One of Victoria’s top bureaucrats has weighed in on the Australia Day debate, telling staff it meant “the invasion and associated violence and dispossession of the country” for many people, and that the civil servants who did not wish to celebrate January 26 could take another day off. .
Department for Families, Equity and Housing Secretary Sandy Pitcher sent a message to staff on the eve of this year’s bank holiday, pointing out a little-known civil service rule giving bureaucrats the right to replace holidays by other days.
“I want to acknowledge and acknowledge that this is not a national holiday for everyone,” Pitcher wrote.
“For some, it’s a day celebrated with friends and family. But for many, January 26 can be a difficult day, especially for Aboriginal people, Torres Strait Islanders and Australians reflecting on the invasion, associated violence and dispossession of the country.
“Please speak to your manager and consider operational and business requirements if you wish to discuss work on January 26 and take a potential alternate day off.”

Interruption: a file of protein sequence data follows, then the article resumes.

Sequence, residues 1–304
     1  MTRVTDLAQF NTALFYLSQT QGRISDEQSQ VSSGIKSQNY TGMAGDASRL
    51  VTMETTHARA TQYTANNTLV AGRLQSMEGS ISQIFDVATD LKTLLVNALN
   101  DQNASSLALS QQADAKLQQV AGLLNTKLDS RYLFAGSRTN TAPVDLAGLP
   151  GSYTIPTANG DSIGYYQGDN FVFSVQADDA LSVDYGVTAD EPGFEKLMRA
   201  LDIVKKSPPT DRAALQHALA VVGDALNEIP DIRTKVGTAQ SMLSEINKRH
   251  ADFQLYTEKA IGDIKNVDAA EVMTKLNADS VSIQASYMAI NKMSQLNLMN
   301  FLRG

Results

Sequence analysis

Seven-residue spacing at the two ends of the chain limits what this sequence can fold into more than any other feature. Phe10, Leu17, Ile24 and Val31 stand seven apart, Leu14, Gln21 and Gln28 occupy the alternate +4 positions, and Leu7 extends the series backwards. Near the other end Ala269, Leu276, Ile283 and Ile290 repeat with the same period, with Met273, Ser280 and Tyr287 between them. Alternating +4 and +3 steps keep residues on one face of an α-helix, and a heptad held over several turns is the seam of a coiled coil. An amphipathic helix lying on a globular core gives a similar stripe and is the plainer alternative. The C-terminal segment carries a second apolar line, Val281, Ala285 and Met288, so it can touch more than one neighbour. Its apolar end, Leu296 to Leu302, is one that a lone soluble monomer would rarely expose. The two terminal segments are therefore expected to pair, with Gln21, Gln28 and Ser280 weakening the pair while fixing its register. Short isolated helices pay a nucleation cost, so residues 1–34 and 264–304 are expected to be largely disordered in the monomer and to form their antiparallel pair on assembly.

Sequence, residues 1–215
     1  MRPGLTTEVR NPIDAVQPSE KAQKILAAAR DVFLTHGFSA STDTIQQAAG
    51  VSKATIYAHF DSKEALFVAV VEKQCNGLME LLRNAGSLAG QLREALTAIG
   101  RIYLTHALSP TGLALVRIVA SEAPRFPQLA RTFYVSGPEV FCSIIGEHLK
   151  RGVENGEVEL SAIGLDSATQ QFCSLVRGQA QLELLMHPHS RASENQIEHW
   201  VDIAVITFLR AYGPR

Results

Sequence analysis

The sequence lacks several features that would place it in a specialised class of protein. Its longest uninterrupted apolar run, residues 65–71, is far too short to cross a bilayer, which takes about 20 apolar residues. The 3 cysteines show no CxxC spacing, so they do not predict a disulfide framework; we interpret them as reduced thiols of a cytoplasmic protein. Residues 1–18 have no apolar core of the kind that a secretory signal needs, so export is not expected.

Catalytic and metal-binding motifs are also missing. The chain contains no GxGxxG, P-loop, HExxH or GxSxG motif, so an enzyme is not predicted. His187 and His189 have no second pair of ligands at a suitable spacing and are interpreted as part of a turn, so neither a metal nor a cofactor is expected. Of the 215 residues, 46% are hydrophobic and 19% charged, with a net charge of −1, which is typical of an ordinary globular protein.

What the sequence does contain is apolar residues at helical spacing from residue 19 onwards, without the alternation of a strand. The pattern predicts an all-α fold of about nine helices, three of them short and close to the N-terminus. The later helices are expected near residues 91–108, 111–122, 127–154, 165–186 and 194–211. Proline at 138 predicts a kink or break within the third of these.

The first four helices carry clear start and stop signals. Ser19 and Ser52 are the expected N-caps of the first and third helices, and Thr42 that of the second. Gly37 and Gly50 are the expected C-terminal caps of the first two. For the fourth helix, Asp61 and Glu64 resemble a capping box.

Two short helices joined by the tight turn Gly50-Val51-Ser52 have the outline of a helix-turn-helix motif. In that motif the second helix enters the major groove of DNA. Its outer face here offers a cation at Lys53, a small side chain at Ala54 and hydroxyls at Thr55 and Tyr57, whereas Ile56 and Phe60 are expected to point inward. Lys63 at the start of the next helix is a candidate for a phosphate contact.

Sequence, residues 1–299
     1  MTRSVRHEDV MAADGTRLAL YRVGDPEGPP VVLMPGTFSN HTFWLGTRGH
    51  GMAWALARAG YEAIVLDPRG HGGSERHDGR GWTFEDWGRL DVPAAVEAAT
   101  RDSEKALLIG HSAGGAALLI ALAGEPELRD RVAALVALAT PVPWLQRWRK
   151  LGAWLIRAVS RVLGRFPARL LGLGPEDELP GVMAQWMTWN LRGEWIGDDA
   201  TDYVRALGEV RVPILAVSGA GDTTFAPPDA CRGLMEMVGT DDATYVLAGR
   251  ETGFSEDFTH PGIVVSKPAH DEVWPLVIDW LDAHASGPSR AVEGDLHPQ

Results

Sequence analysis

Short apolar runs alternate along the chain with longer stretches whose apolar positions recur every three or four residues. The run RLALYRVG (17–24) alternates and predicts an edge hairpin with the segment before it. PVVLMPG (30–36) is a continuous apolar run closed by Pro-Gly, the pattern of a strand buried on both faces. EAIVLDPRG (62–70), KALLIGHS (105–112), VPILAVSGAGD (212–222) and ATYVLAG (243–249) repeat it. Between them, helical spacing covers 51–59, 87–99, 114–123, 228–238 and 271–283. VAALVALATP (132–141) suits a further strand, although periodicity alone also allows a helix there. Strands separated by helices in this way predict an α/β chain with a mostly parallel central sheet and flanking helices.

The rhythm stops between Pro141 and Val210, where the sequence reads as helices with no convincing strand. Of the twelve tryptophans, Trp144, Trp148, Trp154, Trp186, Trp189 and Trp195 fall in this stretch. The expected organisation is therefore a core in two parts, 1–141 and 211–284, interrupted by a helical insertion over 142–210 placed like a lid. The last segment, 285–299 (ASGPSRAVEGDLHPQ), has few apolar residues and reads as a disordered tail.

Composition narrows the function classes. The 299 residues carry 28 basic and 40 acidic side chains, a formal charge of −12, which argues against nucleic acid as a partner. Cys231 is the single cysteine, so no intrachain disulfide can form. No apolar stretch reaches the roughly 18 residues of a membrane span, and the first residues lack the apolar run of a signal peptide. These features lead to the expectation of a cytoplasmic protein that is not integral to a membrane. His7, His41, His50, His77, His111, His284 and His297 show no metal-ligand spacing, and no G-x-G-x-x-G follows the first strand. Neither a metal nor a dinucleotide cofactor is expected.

In the same post, Pitcher says she wants to encourage people to think “a little deeper” about Australia’s past.
Under clause 50.5(a) of the Victoria Public Service Agreement (2020), state bureaucrats have the right to substitute another day for any public holiday “for observing religious or cultural occasions or similar reasons important to the employee”.
Pitcher’s post was revealed amid calls to dump January 26 as a public holiday. Many consider it offensive and painful as it marks the day in 1788 when the first Governor of NSW, Arthur Phillip, planted a Union Jack in Sydney Cove and declared British sovereignty over the land.